I was a university don in Oxford before the last war. I remember now, going back to 1933, how I was associated with the noble Viscount, Lord Hailsham, in trying to get the "King and Country" resolution expunged. It was a failure, and we were overwhelmed with stink bombs and driven from the hall. Sir Winston Churchill has put all that into perspective. I have not had time to look up the exact words, but I think this is the meaning: Little did the foolish boys who passed that resolution realise that in a few years they were to conquer or die gloriously and prove themselves the finest generation in Great Britain. But, my Lords, it was not one lot who died gloriously and one lot who passed the resolution—they were the same lot. In fairness to the youth of to-day, one must not distinguish between the two—one going about their duties and doing all the respectable things, and others not very well washed and trying to pass all sorts of crazy resolutions.

The truth is that the younger generation to-day does not consist entirely of members of the Bullingdon. There are others in Swansea, Birmingham and Liverpool. In the younger generation to-day there is great disquiet—I think one cannot deny that. It is not just hysterical. It is not confined to the youth. One finds it in many circles throughout this country, but I am most conscious of it among the youth. There is a feeling that things have changed very greatly in the last few years, but there is no visible alteration in policy to keep up with that change. There is the feeling that the older men—and I am old enough to be regarded as that—are saying the same old things, and that unless there is some change of attitude, some greater sense of urgency, the young men may once again be hounded to their deaths. That is the feeling; it can be called jitters, but: I do not think it is the white flag; there may be a bit of the White Knight about it, if we follow Sir Stephen King-Hall, another gifted author whose book I, have with me. But I think one can say that they are striving for some nobler ideal than they can exactly express or than the Government can at the moment point the way to.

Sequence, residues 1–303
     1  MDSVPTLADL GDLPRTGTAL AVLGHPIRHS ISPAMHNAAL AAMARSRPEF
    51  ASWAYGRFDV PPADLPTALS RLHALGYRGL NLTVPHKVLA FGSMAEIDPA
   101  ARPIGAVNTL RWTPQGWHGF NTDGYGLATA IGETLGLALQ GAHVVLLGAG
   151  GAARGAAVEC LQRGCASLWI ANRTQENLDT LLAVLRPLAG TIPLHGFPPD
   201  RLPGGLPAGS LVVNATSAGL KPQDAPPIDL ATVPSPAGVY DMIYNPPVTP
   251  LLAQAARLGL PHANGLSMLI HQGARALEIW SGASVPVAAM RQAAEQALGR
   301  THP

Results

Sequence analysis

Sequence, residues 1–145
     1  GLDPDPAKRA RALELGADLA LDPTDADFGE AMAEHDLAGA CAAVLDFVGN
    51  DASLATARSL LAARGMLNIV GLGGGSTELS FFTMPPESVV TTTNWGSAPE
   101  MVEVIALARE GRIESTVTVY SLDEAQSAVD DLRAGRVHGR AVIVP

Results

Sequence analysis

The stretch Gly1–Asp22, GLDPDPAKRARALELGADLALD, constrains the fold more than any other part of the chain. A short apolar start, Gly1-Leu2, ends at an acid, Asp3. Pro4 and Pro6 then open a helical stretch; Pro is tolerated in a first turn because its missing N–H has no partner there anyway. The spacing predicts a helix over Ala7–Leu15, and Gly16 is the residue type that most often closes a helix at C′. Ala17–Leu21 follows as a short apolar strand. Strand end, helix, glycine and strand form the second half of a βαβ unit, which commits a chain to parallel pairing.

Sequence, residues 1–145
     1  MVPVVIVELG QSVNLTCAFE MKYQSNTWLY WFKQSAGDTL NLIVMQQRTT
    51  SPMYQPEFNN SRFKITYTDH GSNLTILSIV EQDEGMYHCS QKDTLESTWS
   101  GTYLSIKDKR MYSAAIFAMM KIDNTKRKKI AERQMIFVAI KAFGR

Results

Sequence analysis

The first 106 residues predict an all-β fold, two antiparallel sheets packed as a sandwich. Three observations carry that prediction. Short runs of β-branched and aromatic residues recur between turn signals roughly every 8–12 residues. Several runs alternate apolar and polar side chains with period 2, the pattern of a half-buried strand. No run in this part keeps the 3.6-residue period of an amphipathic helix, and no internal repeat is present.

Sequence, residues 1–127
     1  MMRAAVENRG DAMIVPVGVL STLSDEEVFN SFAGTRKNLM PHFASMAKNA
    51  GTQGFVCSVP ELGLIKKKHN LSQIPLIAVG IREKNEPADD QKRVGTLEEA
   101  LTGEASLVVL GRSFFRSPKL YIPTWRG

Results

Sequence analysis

Take the H-bomb itself. I find very great difficulties about the use of the H-bomb in any circumstances. On balance, I am satisfied—provisionally satisfied, but I would not say more—that there are circumstances in which it would be a Christian duty to use it. But I can only just arrive at that conclusion; and I can imagine changing it. I think, therefore, that one must not assume that this feeling, this new pacifism, if you like, or the tendency towards it, is simply selfish. I think there is great concern about the whole ethical question as to whether the bomb could be used. I speak as someone who is prepared to share responsibility for a policy, broadly similar to that of the White Paper, with various refinements and qualifications which have been explained by my Party leaders. That is my attitude.

But I would myself feel that there is a difference, not only in degree but in kind, between conventional weapons, on the one hand, and, on the other hand, weapons which might blot out the whole of our civilisation; and that is intensely felt by the younger generation and by all of us on these Benches. If one feels that, one cannot be satisfied with the White Paper; one can accept it, if you like, as a second best, because at the moment it seems to be difficult to offer anything very much better. I would regard that as a very negative policy, as a policy at this date, 1958, which cannot give us much pride if that is the best we can arrive at. I think the younger generation feel this with particular force.